The cards in this set can be used to play a cool life-like game, but their main purpose is as a tool to be used in teaching biblical stewardship and thankfulness. The foundational truth behind the set is that we are stewards of all that God has given us (Lk. 12:48) and should be thankful for his gifts (Lk. 17:15-16).
Each believer is a steward of spiritual gifts, but we each also have natural abilities in four areas that we are stewards of as well. God gives us physical abilities, material possessions, mental abilities, and social skills. The chart below shows how these things are depicted on the cards.
Life is unfair in the sense that we have received different “cards.” So humanly speaking, we can not all excell equally, because some have natural advantages over others. God is fair, however, because he only holds us responsible for the gifts and abilities which we have receive, not for those that we lack. God is also fair because his work is not dependent on our natural abilities. He often uses the weak rather than the strong (Zech. 4:6). So one of the goals of this material is to help believers look beyond their natural abilities to God.
A simple ways to teach the above points is to have two people receive a set of cards, face-up, one card at a time. The teacher, explains the meaning of the color and the number on each card and encourages discussion of personal abilities. Then after several cards are turned over, the group decides which of the two they think has “the better hand.” Group members will naturally choose the one who has cards with higher numbers. The teacher then points out that the random card distribution and inequality seems unfair, but goes on to show that in the "Life is Not Fair" game one wins by using or losing his cards rather than by keeping them, and everyone has an equal opportunity to win.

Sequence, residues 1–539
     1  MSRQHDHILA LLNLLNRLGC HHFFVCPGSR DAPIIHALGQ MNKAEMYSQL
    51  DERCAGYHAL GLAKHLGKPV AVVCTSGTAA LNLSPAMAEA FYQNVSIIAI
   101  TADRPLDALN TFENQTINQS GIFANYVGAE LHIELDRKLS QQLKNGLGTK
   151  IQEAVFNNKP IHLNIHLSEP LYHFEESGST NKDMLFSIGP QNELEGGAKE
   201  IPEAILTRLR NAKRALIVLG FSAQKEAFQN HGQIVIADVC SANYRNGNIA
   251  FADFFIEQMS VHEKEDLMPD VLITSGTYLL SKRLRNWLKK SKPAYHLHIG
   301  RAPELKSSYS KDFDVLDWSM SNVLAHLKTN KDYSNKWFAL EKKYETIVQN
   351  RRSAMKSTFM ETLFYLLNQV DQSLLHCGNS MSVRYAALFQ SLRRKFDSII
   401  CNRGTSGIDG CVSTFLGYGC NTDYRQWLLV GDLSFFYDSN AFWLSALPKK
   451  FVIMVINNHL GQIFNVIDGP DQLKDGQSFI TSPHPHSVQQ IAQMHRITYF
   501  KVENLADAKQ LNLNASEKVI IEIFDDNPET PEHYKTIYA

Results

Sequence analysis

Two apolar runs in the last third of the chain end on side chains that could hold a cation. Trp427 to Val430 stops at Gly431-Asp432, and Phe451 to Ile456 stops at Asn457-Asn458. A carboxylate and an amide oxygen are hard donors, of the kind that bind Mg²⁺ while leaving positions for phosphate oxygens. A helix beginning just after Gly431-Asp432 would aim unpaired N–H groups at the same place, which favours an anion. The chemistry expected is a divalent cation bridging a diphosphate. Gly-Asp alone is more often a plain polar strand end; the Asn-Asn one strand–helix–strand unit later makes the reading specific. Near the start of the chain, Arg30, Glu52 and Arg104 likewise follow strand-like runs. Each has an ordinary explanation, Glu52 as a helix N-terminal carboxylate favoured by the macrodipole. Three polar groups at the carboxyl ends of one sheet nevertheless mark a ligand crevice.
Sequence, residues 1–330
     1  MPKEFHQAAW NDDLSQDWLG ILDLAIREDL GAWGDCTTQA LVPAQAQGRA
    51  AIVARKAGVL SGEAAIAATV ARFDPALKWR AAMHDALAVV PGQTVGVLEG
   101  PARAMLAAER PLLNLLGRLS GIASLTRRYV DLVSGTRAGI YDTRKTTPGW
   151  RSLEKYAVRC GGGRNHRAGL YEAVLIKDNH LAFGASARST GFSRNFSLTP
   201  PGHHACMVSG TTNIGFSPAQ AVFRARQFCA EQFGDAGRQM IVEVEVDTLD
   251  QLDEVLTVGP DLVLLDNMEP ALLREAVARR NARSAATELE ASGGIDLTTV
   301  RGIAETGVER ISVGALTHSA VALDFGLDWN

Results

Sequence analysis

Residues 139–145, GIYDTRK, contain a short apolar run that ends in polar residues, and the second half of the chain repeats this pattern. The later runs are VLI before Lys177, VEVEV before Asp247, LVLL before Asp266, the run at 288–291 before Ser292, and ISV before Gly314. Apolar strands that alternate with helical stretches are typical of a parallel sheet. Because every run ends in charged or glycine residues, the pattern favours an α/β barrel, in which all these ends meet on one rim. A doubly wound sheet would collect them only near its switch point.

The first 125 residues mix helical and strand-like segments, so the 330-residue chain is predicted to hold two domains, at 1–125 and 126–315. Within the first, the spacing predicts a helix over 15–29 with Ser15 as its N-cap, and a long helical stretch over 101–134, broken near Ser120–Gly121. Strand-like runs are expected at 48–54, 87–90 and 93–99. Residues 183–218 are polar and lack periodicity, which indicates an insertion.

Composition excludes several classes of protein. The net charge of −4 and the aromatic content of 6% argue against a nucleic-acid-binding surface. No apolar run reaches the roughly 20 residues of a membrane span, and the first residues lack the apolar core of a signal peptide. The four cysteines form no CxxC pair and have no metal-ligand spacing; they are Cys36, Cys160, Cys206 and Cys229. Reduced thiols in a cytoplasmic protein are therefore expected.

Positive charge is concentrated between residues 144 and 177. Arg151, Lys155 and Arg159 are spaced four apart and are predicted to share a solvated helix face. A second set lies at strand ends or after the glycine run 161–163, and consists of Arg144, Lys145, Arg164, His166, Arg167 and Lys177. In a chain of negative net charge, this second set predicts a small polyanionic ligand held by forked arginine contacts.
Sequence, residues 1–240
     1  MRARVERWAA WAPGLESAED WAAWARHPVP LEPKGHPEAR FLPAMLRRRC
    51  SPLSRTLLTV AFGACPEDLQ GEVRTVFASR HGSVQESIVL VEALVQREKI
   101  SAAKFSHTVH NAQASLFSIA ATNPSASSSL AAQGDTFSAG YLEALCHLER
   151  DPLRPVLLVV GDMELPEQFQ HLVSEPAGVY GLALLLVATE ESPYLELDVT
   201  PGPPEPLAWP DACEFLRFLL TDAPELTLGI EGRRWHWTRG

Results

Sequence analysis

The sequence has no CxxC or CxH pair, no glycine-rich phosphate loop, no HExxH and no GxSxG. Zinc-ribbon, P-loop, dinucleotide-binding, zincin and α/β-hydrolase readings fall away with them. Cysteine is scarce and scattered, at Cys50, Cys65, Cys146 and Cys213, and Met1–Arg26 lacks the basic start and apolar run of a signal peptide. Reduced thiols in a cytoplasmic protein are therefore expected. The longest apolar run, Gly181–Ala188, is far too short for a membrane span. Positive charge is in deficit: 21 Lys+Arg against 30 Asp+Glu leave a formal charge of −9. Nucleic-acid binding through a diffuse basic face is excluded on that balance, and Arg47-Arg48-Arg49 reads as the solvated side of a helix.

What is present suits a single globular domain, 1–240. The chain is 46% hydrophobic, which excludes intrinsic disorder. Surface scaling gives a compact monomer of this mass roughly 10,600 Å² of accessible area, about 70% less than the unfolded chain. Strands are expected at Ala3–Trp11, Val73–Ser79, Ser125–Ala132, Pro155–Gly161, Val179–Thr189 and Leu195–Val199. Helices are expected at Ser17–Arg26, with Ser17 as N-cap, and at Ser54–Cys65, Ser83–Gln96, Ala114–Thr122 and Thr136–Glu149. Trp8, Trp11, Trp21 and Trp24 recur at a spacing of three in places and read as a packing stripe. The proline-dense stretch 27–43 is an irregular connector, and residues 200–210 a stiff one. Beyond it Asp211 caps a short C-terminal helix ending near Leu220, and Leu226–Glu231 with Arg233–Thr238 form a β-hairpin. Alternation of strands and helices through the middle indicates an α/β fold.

. . Additional instructions are on the "Basic Game & Counseling Instructions" sheet. Click the button below.
A random colored card is passed to a person in the group and turned face up. With the group leader's help, the one receiving the card should express thankfulness to God in line with the area of life represented on the card. For instance, one who receives a RED card should give thanks for the measure of health that he or she enjoys. This can be done even if the person’s health is not great. (We should always be thankful, 1 Thes. 5:18). An older person who is far from being an olympic athlete, for instance, might laugh at randomly receiving a Red 9 card. Yet, he also might express thankfulness for excellent eyesight after cataract surgery. -- The group leader should have verses on being thankful prepared to share during the session.
Let's take turns spinning the arrow and randomly discussing the financially situation (green), physically condition (red), social position (yellow), and God-given wisdom (blue) of Ruth, Naomi, and Boaz! Four categories times three main characters = 12 important topics. -- This is an example of how to use the "Life Is Not Fair, but. . ." materials for character studies. This can be used in various Bible books, such as to discuss the main characters in Genesis or people in the life of David.
Most of the same points can easily be taught using colored one-to-nine cards from the UNO ® game. The zero cards should not be used, because no living person is a zero in the areas of life represented by the four colors. The UNO ® wild cards also should not be used. -- Since many are already familiar with the UNO ® game, it may be helpful to teach using UNO ® before using the "Life is not fair, but. . . " set.
© 2021 by Jon F. Mahar, Hakusan City, Japan